What makes a software team gel?

A software team that has gelled continuously runs above expectations. Bugs are fixed before they are logged. There is a feeling that anything can and will be accomplished.

A team in gel state reflects well on the quality of the product, but more importantly on the bottom line. There are huge productivity gains to be had by creating a gelled team.

A gelled team makes people want to show up, work hard, and be a part of something more than themselves. People naturally gravitate towards this unique and elusive work environment but it is hard to come by.

“Great teamwork is the only way we create the breakthroughs that define our careers.”  – Pat Riley

So, what is the secret to making a team gel?

First, the organization’s culture has to provide an environment capable of fostering a gelled team. You can’t have a gelled software team in a company that doesn’t prize its developers. Open and clear executive leadership with hands off management certainly helps.  An interesting product or technical challenge should be part of the mix.

Everything about the software should flow from the business need being addressed.  The product may need to look very sharp, it may need to provide highly accurate data, it may need to run super fast. Whatever the key differentiator is, that should be clearly understood by all team members so it becomes the focus. That way, there is no confusing what the true objective is. That differentiator can change release to release, but it should always be positive – the kind of thing you would want to tell your friends about.

Everything I have mentioned so far is macro level. There is also a micro level effect in play.  A gelled team is the positive side effect of aligning autonomy, mastery, and purpose for every individual in that team.  Achieving that requires knowing each person’s skills, interests, and life goals in the context of the current project – usually from a technical perspective.  This is where listening skills and empathy come into play.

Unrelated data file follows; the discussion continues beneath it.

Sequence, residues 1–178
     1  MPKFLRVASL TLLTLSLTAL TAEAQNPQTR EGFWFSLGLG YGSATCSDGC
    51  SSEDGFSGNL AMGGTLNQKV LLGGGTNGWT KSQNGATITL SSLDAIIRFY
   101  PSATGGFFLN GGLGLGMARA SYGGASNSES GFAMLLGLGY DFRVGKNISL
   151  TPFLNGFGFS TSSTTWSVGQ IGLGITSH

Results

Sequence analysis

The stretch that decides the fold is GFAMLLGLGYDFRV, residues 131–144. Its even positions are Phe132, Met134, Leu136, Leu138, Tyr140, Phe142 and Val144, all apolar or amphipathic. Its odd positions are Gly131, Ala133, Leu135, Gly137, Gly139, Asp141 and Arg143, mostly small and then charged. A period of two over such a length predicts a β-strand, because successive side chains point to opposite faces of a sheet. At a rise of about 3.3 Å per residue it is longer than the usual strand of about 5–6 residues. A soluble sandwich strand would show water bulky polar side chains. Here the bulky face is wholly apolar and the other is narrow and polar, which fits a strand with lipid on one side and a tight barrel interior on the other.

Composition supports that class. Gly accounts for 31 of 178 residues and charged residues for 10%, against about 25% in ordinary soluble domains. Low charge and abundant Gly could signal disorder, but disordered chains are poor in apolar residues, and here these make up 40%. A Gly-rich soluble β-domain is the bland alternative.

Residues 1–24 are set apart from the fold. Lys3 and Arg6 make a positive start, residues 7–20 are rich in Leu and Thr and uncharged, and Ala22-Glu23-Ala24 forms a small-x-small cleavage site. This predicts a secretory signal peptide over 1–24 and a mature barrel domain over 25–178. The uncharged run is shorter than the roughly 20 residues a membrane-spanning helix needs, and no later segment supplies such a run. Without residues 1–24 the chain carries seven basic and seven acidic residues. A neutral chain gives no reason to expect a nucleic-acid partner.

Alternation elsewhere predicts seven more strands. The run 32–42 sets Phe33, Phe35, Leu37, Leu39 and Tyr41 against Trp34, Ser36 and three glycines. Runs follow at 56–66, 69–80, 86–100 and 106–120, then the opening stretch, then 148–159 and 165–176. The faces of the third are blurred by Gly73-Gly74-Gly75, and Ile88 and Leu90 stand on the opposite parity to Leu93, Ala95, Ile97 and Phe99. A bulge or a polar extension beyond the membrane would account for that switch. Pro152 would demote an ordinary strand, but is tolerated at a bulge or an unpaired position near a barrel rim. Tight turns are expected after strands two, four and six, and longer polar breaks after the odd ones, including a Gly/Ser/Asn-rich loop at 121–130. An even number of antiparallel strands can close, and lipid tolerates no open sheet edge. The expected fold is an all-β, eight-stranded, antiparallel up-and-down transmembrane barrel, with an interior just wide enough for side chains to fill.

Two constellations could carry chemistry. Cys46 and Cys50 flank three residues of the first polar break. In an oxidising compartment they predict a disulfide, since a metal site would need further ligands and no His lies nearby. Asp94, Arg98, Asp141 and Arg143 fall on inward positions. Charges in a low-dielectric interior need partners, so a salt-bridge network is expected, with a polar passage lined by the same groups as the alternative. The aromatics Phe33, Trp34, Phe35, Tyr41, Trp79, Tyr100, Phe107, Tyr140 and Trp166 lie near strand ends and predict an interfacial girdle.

It is important to recognize team politics. There can’t be any hidden agendas or conflicting motivations between team members.  Get that stuff out in the open and out of the way as soon as possible.

“You’ve got to give great tools to small teams. Pick good people, use small teams, give them excellent tools…so that they are very productive in terms of what they are doing. Make it very clear what they can do to change the spec. Make them feel like they are very much in control of it.”Bill Gates

Is it just one person on a team that makes it gel?  

I’d say there is usually one person who everyone looks up to and sets the example, but it takes harmony and mutual respect between team members to pull it off.

The person who makes the team gel has charisma, domain understanding, humility, strong technical expertise, and assertiveness. That person also knows how to get other people on the team to think for themselves and feel comfortable communicating with one another.

Some developers can do it. A hands on architect can do it.  A white tower architect? I doubt it. A manager who sits isolated from his/her team, I doubt it. A committed, sincere, and passionate non-technical leader can do it.

Those people who put themselves above others because of a credential, a prior experience, a diva complex, or other form of narcissism – they have no chance (and they are in for a rude awakening if they try!).

It absolutely involves working with the team on a daily basis. That means rolling up your sleeves and getting dirty, sharing the responsibility, and the credit.  It can work for geographically distant teams in special cases but that is a lot harder.

When the gel factor is gone – you notice it hard.

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